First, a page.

The Ingenious Mr. Peale: Painter, Patriot, and Man of Science

The Ingenious Mr. Peale: Painter, Patriot, and Man of Science

by Janet R. Wilson
     
 

Narrates the life of the early American portrait painter who established the first public picture gallery in America and who pursued numerous other interests including natural history.  See more details below

Overview

Narrates the life of the early American portrait painter who established the first public picture gallery in America and who pursued numerous other interests including natural history.

Editorial Reviews

School Library Journal
Gr 6-9A fine and useful biography. Wilson tells the complex story of her subject's adventurous careers and large family in a lively style, giving equal weight to each decade in his long life. The narrative is factual and filled with detail, but Peale's energy and enthusiasm shine through the careful accounting of his days and ways. Reproductions of his paintings appear throughout; his stately portraits of Franklin, Washington, and other leading figures of the young Republic won him lasting fame. But it was Peale's interest in science that led him to collect fossils, animal specimens, and curiosities. His most spectacular find, the bones of a mastodon or "mammoth," was assembled and put on display in his Philadelphia museum. Several colorful incidents from the man's life in Philadelphia have been told in recent picture books. His museum and exhibition hall is the setting for Barbara Morrow's Help for Mr. Peale (Macmillan, 1990); Michael Tunnell's The Joke's on George (Tambourine, 1993) is about one of the artist's trompe l'oeil paintings. The Ingenious Mr. Peale is a carefully researched and attractive study of the "gentleman of parts."Shirley Wilton, Ocean County College, Toms River, NJ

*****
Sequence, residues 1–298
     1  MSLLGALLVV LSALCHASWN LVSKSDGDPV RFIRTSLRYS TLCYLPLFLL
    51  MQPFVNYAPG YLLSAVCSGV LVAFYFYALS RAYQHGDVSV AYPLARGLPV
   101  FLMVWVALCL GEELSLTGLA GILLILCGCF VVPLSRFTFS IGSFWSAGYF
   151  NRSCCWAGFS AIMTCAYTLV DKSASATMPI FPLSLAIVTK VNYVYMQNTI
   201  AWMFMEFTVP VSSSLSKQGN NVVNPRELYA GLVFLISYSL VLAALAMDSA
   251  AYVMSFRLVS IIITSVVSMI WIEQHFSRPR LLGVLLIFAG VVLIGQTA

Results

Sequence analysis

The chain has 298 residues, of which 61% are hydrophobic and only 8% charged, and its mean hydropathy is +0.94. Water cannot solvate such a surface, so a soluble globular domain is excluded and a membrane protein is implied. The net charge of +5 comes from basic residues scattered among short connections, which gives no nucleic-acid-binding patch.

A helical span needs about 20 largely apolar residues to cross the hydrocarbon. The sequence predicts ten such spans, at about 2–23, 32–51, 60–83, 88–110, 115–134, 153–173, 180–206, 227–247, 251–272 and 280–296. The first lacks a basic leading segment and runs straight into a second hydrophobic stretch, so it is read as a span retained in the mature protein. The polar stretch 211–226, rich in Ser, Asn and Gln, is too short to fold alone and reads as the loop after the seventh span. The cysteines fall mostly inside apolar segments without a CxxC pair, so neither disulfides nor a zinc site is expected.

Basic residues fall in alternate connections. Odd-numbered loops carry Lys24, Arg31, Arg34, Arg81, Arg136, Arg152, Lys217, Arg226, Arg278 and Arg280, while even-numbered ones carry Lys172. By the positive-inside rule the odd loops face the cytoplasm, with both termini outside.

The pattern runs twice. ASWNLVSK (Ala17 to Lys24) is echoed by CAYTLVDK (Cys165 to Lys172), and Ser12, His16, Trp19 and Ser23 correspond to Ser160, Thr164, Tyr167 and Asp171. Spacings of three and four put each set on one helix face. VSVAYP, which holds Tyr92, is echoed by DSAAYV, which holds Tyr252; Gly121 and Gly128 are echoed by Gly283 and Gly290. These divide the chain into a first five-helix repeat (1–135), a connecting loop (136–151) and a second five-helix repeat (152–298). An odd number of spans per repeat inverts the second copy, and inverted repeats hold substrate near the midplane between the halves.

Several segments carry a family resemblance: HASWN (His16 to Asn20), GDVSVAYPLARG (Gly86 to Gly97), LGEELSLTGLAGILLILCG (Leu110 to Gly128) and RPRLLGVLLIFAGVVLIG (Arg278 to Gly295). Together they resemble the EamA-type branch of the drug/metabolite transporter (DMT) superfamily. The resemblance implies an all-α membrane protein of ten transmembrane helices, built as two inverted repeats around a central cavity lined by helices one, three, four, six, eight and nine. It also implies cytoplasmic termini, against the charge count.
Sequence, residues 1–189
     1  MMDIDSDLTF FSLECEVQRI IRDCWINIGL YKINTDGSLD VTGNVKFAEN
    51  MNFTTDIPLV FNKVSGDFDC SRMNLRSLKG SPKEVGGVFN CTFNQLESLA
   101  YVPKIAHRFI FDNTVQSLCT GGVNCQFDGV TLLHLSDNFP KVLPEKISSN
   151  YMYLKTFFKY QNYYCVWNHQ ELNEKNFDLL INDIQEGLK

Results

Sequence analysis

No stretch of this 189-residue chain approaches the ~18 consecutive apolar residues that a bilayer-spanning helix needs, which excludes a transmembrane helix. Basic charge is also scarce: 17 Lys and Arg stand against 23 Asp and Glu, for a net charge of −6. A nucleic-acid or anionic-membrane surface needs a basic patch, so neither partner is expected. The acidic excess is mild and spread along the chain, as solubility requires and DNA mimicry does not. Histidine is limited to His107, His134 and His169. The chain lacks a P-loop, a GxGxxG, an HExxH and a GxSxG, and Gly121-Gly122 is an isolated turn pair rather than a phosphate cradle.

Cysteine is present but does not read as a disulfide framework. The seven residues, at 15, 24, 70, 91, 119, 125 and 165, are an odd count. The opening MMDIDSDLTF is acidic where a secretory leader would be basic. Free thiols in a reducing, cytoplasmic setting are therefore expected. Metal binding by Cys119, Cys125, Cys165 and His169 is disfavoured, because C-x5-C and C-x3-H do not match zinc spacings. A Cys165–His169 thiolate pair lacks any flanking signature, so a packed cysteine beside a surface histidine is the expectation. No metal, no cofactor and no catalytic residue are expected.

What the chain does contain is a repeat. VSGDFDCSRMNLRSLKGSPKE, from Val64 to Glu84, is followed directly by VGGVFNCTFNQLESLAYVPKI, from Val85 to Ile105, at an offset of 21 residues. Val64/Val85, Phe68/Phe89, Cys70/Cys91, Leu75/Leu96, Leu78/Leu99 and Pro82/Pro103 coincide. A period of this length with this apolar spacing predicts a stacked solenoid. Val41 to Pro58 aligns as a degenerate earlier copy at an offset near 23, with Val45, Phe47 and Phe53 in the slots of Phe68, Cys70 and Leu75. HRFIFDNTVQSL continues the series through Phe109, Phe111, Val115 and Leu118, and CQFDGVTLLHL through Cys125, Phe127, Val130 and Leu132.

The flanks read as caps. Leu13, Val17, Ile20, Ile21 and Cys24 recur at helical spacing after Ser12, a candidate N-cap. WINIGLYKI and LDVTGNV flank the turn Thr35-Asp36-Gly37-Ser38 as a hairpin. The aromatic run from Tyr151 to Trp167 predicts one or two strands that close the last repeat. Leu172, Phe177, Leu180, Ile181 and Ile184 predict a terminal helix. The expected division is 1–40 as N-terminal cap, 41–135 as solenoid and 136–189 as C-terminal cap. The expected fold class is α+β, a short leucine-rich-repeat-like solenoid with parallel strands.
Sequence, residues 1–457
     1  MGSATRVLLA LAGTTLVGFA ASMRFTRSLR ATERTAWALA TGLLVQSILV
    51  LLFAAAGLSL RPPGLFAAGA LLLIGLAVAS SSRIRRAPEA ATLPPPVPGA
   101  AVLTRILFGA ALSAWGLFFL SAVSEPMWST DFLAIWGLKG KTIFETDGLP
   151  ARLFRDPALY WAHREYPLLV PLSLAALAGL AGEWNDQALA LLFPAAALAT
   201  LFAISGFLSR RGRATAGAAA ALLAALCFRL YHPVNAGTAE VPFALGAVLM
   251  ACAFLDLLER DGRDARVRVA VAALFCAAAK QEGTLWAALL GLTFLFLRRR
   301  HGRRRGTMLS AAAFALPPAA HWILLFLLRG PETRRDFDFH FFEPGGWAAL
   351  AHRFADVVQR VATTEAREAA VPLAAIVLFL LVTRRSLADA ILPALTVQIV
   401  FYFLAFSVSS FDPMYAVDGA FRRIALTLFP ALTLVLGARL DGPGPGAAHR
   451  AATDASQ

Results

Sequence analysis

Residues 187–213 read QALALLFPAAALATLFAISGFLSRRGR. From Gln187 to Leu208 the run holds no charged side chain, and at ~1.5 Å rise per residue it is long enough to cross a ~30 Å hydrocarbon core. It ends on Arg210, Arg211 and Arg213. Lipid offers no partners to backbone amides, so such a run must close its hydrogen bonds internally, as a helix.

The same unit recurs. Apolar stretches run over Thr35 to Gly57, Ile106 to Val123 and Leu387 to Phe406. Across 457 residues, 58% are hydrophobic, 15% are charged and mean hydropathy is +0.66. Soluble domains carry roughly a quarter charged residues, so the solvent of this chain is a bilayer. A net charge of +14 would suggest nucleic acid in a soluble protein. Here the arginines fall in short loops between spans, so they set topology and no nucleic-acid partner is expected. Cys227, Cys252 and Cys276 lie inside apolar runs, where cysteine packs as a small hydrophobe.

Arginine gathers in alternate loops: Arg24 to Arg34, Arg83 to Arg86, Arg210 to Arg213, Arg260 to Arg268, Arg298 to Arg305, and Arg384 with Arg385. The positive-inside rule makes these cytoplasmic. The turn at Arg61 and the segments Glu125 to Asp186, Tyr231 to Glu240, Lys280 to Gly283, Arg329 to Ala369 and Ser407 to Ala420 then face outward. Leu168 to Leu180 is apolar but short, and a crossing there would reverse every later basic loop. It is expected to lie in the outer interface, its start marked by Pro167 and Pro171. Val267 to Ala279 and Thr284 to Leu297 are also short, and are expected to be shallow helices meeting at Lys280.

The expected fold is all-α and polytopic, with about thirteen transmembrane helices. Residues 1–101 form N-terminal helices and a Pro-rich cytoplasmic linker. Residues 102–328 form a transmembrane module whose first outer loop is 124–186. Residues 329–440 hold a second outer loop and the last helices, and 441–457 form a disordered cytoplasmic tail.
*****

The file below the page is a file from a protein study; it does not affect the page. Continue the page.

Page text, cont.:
Kirkus Reviews
Readers of Barbara Morrow's Help For Mr. Peale (1990) or Tracey West's Mr. Peale's Bones (1994) will find the rest of this American dynamo's story equally enthralling.

"Enterprising" is too mild a word for Charles Willson Peale (1741-1827); trained as a saddlemaker, he soon branched out into silversmithing, carriage-making, and sign painting, traveled to London to study portraiture with Benjamin West, returned to found a museum of art and natural history, developed several inventions, led this country's first commissioned scientific expedition (to excavate mastodon fossils), and, like his friend Thomas Jefferson, become a gentleman farmer, while pursuing military and political careers. He also struggled to support his large family: 11 children lived to adulthood. Drawing largely from Peale's unpublished (though available on microfiche) autobiography, Wilson expertly illuminates the times, achievements, and character of this considerate, indefatigable man who valued his domestic life at least as much as his multi-stranded career, played roles—reluctant or enthusiastic—in several historical events, and for industry, interests, and breadth of skills, made Ben Franklin look positively languid. A perceptive, long-overdue biography, illustrated with plenty of Peale's own drawings and paintings.

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Product Details

ISBN-13:
9780689318849
Publisher:
Atheneum Books for Young Readers
Publication date:
04/16/1996
Pages:
128
Product dimensions:
7.25(w) x 9.31(h) x 0.69(d)
Age Range:
9 - 12 Years

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